BC Partners is hoping to participate in the consolidation of the U.S. cable telecoms market by maintaining a stake in Suddenlink after its sale to Altice SA, the private equity fund’s co-chairman said.
BC Partners said on Wednesday that it and the Canada Pension Plan Investment Board (CPPIB) would sell a 70 percent stake in cable operator Suddenlink to the European telecoms group, valuing Suddenlink at around US$9.1 billion.
Both sellers will retain a 12 percent stake in the business, which gives Altice its first foothold in the United States.
Reuters previously reported that Altice had also held talks to buy Time Warner Cable, which has a market value of US$44.5 billion, as it seeks to expand abroad.
Raymond Svider, co-chairman and a managing partner at BC Partners, declined to comment on Wednesday on whether Altice might seek to also buy Time Warner Cable but said by retaining a stake in Suddenlink his firm was still very much interested in whatever happens next.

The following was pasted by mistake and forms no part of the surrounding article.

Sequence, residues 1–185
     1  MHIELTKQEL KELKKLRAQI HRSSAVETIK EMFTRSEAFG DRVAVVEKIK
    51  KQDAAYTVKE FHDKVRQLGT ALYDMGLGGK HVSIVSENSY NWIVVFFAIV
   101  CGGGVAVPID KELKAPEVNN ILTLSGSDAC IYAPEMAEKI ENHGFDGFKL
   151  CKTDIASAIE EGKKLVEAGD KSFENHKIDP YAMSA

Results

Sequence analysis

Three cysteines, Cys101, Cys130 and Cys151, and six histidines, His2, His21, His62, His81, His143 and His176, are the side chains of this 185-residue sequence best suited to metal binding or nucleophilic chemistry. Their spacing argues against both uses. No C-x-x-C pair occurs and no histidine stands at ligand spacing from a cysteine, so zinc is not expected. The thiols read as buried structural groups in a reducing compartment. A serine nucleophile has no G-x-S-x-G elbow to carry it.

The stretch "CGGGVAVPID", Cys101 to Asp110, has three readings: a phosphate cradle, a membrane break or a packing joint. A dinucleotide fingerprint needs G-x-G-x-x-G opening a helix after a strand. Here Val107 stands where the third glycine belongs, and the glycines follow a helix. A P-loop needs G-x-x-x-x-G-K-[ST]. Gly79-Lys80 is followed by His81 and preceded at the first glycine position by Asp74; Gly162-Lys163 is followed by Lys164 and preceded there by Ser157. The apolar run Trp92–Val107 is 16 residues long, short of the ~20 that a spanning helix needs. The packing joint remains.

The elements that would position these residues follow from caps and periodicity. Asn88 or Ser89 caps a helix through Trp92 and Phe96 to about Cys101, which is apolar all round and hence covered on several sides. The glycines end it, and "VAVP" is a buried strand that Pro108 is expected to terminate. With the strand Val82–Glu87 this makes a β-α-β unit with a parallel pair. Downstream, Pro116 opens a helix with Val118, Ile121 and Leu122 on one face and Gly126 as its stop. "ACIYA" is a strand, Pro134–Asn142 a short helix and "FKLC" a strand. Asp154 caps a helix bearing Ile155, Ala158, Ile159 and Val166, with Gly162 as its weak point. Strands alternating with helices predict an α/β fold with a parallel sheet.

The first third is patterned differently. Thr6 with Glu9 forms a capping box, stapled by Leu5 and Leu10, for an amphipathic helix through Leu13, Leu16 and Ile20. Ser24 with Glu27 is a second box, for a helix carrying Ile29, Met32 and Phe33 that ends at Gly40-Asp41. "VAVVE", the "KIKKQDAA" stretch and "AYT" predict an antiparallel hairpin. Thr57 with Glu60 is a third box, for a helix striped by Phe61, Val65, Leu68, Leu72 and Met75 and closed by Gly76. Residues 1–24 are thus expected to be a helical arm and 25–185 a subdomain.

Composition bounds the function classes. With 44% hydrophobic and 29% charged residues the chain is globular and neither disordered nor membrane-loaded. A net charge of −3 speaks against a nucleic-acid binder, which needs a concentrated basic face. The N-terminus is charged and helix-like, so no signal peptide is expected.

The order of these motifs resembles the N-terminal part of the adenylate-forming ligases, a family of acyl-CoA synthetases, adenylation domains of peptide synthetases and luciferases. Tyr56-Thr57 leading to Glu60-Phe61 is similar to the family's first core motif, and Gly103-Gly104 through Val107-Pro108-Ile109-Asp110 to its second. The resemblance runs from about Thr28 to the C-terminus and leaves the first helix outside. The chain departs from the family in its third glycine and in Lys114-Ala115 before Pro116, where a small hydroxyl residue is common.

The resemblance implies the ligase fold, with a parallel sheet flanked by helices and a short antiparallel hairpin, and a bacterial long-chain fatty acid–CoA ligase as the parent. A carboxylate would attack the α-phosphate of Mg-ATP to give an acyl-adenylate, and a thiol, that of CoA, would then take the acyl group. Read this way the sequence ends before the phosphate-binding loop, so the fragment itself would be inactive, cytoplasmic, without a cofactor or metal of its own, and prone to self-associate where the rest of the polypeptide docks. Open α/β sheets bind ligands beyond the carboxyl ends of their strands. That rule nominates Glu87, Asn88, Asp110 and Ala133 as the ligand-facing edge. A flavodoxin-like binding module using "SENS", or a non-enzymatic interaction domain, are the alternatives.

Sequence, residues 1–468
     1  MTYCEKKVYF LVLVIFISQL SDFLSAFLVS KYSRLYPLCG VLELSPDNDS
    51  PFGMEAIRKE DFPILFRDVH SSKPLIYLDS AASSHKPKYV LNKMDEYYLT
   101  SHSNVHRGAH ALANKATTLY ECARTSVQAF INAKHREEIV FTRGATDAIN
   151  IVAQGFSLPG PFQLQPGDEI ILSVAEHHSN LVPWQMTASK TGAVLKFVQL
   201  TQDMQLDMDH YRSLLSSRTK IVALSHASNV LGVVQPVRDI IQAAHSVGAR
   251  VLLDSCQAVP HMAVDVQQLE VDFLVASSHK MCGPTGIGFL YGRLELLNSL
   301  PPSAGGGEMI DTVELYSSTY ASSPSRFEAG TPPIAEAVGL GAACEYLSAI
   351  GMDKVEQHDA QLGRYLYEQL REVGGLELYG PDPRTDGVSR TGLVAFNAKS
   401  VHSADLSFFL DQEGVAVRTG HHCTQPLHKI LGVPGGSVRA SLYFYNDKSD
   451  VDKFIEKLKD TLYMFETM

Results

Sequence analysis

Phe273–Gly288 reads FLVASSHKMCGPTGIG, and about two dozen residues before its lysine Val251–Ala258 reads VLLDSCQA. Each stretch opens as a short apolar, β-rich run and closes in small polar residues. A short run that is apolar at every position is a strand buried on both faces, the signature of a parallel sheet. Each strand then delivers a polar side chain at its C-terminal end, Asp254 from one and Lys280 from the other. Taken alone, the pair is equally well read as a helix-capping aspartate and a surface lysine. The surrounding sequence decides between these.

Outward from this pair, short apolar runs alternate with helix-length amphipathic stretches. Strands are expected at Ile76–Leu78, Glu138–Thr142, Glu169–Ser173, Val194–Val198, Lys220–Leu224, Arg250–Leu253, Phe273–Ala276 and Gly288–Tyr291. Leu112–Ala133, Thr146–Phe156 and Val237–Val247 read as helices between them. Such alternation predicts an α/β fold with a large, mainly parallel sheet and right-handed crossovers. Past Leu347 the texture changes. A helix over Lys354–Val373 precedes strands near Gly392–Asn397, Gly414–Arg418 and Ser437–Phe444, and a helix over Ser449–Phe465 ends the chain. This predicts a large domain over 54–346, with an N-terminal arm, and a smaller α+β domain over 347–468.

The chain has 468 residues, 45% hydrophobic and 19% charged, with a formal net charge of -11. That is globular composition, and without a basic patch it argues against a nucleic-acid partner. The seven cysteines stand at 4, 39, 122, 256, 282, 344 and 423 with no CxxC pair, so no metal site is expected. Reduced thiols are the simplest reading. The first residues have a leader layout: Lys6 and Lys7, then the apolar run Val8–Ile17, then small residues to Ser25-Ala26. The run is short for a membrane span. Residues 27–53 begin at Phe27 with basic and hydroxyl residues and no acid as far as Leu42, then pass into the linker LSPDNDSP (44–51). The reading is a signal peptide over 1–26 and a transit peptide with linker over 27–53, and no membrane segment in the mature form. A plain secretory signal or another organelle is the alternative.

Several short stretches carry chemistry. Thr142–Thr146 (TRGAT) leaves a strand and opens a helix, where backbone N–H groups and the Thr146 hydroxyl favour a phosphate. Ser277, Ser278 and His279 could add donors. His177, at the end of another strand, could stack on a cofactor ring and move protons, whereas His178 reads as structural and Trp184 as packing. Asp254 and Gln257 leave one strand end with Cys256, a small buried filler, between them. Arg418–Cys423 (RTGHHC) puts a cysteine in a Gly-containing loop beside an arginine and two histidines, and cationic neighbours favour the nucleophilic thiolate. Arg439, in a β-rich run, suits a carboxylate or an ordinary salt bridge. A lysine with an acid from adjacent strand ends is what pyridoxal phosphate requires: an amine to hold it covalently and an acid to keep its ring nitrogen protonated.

“It will allow us to further participate in the U.S. market, which would have been hard on our own,” Svider told Reuters in a telephone call.
Svider said he did not see the Suddenlink acquisition as a barrier to Altice making a play for Time Warner Cable, although ultimately it would be for the regulators to decide on the viability of such a deal.
Sector bankers have in recent months raised doubts over the ability of private equity funds to play a significant part in the current wave of consolidation sweeping through the telecoms industry as mobile and fixed line services converge, with the big industry players able to stump up cash beyond the capabilities of even the largest funds.
The Suddenlink sale to Altice means that BC Partners and CPPIB only held the business for two and a half years, shorter than the usual period of four to six years for private equity to hold a specific investment.
However, the deal gives BC Partners an implied return of 2.3 times its money invested as part of its ninth European fund, a source familiar with the matter said.
By Freya Berry
(Editing by Greg Mahlich)
(This story has been edited by Kirk Falconer, editor of PE Hub Canada)